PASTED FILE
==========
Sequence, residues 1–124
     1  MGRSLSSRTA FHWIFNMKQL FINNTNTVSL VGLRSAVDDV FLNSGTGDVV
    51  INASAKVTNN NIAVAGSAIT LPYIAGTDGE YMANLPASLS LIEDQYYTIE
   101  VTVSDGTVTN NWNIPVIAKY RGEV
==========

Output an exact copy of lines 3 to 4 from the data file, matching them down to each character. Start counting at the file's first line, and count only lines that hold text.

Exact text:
    51  INASAKVTNN NIAVAGSAIT LPYIAGTDGE YMANLPASLS LIEDQYYTIE
   101  VTVSDGTVTN NWNIPVIAKY RGEV